Home Big Data Is Just For Big Companies – And Other BS

Big Data Is Just For Big Companies – And Other BS

2013 is going to be a 12 full months of hype surrounding the Big Data craze, with tantalizing tales of e-commerce analytics that will move beyond predicting pregnancies to doing something really cool: like figuring out the Last Twinkie Ever Bought.

As the hype continues, smug enterprise IT departments will whip out their thick wallets and plunk down serious coin for multi-cluster hybrid cloud Hadoop systems that can figure out the worldwide effects of a butterfly wings’ flapping before brunch and knock out the Ultimate Answer to Life, The Universe, and Everything before afternoon tea rolls past.

Meanwhile, poor and tattered small business IT managers will look enviously on this feast of big data as they huddle out in the cold, shivering as they wrap themselves in tiny spreadsheets and Quickbook invoices.

Big Data Doesn’t Have To Be That Way

Its easy to get that impression when thinking about Big Data, but the reality can be far different: While enterprise-level datasets can be costly and difficult to manage, there’s no reason analytical and visualization techniques can’t be applied to small- to medium-sized business (SMB) datasets – on an SMB budget.

Plugging small businesses into big data is not a new idea (see Intuit CEO: Big Data Can Be The “Great Equalizer”). Perhaps the most popular approach to solving the problem includes “Big-Data-as-a-Service” options.

There are two large obstacles to taking on big data methodologies, according to Amit Bendov, CEO of Tel Aviv-based SiSense. The first is breaking past the barrier of cost. SAP HANA appliances, which Bendov holds up as an example of what he’s talking about, can handle about half a terabyte of data, with a price tag of $500,000. That may work for the enterprise, but is nowhere near realistic at the small business level.

The second obstacle is the notion of complexity: Right now, the impression is that you have to have full-blown data-scientist talent on the payroll in order to figure out your own data. That’s hogwash: “I know my business very well,” Bendov said. “I don’t need statistical languages to figure out what the data means. I just need to see the data.”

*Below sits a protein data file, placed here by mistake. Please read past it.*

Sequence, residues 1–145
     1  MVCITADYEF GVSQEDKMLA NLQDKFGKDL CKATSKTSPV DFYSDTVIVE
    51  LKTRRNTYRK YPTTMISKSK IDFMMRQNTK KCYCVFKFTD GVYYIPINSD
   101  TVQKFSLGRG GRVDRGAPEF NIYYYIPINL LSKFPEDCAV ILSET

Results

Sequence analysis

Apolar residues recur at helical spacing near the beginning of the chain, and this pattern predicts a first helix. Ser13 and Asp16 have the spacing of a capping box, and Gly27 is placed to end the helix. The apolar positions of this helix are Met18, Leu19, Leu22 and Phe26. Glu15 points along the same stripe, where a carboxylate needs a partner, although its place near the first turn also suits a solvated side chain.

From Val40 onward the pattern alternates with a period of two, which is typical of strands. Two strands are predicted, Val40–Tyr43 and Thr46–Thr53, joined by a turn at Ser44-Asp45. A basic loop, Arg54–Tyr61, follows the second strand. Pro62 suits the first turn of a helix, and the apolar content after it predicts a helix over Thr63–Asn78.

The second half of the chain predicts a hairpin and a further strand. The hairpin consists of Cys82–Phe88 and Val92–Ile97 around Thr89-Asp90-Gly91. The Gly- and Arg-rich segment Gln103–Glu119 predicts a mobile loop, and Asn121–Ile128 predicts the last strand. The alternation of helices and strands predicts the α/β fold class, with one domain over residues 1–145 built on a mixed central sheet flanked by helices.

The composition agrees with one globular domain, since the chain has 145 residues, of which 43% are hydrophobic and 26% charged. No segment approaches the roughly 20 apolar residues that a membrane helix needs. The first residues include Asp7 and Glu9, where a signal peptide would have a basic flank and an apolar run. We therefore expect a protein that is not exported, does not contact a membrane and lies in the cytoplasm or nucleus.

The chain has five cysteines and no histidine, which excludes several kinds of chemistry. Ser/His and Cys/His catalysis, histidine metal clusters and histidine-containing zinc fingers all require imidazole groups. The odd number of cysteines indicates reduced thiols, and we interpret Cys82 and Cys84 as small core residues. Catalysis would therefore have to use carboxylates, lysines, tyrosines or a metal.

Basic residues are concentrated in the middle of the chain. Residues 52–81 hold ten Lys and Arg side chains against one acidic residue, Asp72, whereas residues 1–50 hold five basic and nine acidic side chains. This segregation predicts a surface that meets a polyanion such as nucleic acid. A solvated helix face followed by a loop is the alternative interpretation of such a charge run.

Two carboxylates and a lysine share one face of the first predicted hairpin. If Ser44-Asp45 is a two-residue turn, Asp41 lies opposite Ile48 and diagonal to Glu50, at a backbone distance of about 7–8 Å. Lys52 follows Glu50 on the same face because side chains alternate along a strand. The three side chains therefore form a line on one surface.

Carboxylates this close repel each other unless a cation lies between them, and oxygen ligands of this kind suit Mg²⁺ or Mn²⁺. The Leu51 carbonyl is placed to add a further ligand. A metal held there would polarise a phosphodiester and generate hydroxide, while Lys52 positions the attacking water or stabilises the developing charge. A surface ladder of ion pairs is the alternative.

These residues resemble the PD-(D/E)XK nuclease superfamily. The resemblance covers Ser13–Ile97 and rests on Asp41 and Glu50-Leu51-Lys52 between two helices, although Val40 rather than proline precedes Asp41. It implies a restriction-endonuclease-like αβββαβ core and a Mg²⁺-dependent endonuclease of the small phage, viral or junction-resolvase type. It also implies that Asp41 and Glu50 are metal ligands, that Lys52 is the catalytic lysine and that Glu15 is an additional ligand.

SiSense Tries To Solve The Problem

Bendov’s company is in the business of making that happen. Working with a customer’s existing data stores, SiSense will pull the data into a columnar database that’s either hosted by SiSense or held locally by the company. Customers can then use whatever tools with which they’re familiar – from Excel spreadsheets to SQL-based databases – to mine the data for the information they’re seeking.

General-purpose hosted data services like SiSense or sector-oriented vendors like LeisureLink in the hospitality industry represent a new front in the Big Data cycle: taking the expense and complexity down several levels so smaller businesses can get at least some of the benefits of data analytics without the pain.

It’s not a bad idea: by acting as the middle man to handle the hard parts of Big Data management, these vendors are essentially running Big Data co-ops.

But there are risks with this approach. While SiSense has a local-hosted option, some vendors do not… so you’ll need to decide where your comfort zone is with storing critical company data in the cloud. You will also need to decide if your data actually has enough value to recoup whatever costs you will have to outlay if you work with these vendors. That’s a bit of a Catch-22 for many smaller companies, since you may not know your data’s value until you can pull it together and mine it for useful information.

The best option is to shop around with various vendors, perhaps carrying in a subset of your data and seeing what can be done with it – and at what cost. Perhaps most importantly, this can also give you a sense of how much of a learning curve will be involved in getting up to speed with a new service.

Big Data options are out there for businesses of all sizes, just be sure you understand the benefits versus the risks.

Image courtesy of Shutterstock.

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